Great question! I actually think that the character of Tranio is one of the more interesting characters in the play for precisely the reason you have given. When we think of the common Shakespearian theme of appearance vs. reality, he is an excellent example of how this theme is developed. Note that it is he that comes up with the strategy to woo Bianca, rather than his love-struck lord. Also, if we look at Act I scene 2 carefully, which is when Tranio first enters playing the role of Lucentio, we see that he is able to speak convincingly as a Lord and is able to pun effectively to show that he has the graces, airs, and wit of a young Lord:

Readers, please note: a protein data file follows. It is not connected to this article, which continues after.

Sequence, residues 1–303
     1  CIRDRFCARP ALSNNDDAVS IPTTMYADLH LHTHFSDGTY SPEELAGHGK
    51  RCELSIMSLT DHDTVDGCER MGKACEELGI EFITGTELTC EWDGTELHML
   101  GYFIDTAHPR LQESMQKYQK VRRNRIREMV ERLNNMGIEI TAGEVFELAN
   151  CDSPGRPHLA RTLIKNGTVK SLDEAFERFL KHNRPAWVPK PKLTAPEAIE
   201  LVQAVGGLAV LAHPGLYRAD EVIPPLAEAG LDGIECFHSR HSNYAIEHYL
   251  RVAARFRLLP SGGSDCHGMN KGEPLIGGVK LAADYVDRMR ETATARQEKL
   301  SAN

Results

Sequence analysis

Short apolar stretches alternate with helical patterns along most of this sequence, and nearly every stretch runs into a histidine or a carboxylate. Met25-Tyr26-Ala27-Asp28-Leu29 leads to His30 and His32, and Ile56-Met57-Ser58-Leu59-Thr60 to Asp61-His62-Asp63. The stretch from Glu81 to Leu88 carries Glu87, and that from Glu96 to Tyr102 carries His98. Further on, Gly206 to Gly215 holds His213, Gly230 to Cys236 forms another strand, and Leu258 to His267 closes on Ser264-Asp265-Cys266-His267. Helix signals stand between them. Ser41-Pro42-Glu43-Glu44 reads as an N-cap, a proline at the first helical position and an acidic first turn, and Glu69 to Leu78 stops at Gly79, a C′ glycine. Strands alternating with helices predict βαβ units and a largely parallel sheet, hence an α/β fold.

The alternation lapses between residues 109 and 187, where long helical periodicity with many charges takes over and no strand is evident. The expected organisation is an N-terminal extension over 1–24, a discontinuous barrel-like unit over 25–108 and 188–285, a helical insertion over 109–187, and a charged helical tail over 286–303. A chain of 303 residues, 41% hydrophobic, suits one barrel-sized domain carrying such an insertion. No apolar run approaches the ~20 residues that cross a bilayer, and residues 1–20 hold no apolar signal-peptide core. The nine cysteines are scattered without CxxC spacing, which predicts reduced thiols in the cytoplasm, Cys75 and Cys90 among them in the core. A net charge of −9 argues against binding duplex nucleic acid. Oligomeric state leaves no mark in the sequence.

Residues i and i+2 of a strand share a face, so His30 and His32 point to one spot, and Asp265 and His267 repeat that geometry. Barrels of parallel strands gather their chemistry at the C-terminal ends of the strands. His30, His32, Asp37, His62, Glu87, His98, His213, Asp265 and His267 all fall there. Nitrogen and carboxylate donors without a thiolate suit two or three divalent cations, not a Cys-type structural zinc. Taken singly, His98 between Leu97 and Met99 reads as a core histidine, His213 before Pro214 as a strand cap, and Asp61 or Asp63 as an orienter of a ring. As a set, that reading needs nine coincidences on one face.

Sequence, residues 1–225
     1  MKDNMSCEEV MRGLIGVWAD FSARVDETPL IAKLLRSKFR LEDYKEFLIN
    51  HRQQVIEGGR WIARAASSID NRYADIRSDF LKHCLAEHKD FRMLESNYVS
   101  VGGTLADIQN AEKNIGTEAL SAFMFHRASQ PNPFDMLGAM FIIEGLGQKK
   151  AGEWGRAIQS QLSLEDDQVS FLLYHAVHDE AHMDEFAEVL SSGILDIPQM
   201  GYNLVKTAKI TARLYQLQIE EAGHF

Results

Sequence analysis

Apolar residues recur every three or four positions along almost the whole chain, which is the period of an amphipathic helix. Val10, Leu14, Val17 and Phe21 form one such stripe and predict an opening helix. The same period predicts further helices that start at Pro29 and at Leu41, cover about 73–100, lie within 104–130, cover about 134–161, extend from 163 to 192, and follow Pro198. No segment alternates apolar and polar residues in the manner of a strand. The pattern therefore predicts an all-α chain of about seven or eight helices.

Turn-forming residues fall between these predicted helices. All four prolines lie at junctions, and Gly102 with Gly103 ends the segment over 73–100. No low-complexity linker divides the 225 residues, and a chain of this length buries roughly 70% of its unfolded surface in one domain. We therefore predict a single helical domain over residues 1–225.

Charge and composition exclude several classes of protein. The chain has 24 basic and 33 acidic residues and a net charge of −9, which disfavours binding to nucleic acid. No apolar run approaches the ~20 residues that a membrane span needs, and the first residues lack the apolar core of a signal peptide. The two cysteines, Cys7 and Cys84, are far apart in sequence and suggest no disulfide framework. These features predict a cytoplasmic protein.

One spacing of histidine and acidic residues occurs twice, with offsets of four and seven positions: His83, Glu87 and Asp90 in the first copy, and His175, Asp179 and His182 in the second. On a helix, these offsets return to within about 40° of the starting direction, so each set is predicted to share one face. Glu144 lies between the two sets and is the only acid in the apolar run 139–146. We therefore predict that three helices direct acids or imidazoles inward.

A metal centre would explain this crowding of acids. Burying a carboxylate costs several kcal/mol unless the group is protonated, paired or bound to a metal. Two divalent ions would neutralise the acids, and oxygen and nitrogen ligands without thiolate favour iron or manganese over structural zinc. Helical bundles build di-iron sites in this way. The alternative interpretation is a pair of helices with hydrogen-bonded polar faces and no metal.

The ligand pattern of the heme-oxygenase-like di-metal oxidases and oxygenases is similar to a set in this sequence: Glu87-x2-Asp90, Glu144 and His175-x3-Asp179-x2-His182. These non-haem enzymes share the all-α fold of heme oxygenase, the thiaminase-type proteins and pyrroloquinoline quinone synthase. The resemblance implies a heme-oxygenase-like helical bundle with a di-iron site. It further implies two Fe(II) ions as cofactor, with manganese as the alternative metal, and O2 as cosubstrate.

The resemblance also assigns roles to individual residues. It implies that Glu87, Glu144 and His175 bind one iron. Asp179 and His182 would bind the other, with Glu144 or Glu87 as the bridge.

PETRUCHIO: Not her that chides, sir, at any hand, I pray.
TRANIO: I love no chiders, sir. Biondello, let's away.
Lucentio himself congratulates his servant in an aside for his convincing performance. He is able to fend away the requests of the other suitors well, making a speech with classical allusions to Leda and the swan. Gremio himself feels threatened by Tranio's gift of speech, as he says "this gentleman will outtalk us all." So, Tranio's act is seen as convincing not just by his master, but by other lords as well, especially when we think of his speech and his mannerisms.